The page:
Religion and the construction of identity

Roman Palitsky, Daniel Sullivan, Isaac F. Young, Harrison J. Schmitt

Research output: Chapter in Book/Report/Conference proceedingChapter

Abstract

The relationship between religion and identity has been a fundamental but elusive inquiry throughout the history of the social sciences, from Durkheim’s classic work to the recent rise of experimental existential psychology (XXP). The psychology of religion in general, and XXP in particular, has tended in recent years toward unidimensional, quantitative operationalizations of “religiosity.” Drawing on a variety of existentially informed perspectives—such as cultural-existential psychology and existential anthropology—we propose a theoretical and methodological approach to religious identity wherein private, social, and developmental dimensions of religion and identity may be integrated. As a demonstration of this novel perspective, we review our own prior research on the construction of identity and existential emotions in minority religious congregations, as well as relevant work from other scholars on historically specific effects of religious identity on threat and defense processes.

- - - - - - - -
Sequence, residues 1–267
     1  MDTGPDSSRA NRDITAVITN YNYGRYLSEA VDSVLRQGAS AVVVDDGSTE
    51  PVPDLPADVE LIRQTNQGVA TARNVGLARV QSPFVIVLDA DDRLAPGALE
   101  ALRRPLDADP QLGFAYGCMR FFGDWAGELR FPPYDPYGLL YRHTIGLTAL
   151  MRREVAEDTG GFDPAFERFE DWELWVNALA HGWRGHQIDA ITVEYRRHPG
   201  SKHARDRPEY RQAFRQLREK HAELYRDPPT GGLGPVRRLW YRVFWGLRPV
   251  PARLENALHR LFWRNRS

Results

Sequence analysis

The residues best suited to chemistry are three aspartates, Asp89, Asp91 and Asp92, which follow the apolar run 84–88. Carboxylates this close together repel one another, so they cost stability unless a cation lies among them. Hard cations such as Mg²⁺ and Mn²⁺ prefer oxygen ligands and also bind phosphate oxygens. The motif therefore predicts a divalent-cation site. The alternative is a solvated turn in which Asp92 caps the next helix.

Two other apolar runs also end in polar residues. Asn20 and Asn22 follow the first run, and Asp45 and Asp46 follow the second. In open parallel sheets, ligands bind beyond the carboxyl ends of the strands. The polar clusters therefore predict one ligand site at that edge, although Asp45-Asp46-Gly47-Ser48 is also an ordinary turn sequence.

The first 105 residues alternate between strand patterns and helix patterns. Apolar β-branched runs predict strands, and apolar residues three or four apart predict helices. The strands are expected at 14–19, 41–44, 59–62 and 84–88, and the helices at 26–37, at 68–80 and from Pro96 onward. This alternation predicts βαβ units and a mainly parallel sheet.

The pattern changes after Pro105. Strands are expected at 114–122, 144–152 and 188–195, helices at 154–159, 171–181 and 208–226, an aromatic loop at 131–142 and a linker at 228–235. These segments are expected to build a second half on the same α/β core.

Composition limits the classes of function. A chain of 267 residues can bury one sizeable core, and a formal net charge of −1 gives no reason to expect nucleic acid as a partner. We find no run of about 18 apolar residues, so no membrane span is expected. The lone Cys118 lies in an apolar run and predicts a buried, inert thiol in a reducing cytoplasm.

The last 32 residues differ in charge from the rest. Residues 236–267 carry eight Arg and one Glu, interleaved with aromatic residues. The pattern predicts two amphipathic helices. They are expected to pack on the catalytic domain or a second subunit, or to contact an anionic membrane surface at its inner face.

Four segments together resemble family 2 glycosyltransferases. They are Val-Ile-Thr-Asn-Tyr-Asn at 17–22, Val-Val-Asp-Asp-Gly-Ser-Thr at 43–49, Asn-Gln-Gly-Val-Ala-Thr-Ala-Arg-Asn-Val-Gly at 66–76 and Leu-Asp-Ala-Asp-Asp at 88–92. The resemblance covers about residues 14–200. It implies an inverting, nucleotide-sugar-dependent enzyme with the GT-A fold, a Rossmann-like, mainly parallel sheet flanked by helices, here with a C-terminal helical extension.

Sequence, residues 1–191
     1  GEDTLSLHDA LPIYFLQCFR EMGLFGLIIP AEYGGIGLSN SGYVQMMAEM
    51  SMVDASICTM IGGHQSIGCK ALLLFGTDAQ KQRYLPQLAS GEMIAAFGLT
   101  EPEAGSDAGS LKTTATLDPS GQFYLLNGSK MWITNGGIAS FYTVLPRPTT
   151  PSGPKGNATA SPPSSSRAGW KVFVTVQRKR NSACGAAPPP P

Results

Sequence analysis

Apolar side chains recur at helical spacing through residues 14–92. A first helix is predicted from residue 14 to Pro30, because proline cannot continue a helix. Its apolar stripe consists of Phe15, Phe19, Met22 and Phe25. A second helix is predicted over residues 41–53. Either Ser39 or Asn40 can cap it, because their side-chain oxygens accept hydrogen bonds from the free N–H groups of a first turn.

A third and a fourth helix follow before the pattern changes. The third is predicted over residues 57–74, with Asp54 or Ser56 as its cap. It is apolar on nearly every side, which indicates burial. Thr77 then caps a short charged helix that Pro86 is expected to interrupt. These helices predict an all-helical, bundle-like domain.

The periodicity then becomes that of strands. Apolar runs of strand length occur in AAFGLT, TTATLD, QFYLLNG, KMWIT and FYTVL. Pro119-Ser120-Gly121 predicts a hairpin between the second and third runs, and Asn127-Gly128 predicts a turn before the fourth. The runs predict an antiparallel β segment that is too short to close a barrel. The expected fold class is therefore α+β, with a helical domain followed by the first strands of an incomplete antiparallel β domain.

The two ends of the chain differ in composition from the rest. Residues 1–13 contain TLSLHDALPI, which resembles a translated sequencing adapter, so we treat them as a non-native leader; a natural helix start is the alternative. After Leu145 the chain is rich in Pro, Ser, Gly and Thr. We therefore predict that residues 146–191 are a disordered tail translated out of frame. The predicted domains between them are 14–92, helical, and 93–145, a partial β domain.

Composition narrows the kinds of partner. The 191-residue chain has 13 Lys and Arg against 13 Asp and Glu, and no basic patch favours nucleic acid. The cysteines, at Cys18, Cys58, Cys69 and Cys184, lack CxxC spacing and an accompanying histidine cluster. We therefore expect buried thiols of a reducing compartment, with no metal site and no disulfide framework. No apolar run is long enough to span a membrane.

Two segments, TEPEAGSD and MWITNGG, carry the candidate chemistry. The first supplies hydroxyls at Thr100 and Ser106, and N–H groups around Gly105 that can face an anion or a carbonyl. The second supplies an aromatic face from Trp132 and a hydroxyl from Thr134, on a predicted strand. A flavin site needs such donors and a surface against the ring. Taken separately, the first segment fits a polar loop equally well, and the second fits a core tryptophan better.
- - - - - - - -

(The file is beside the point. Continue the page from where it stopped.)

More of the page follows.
Original languageEnglish (US)
Title of host publicationThe Science of Religion, Spirituality, and Existentialism
PublisherElsevier
Pages207-222
Number of pages16
ISBN (Electronic)9780128172049
ISBN (Print)9780128172056
DOIs
StatePublished - Jan 1 2020

Keywords

  • culture
  • development
  • existential psychology
  • identity
  • Religion

ASJC Scopus subject areas

  • Psychology(all)

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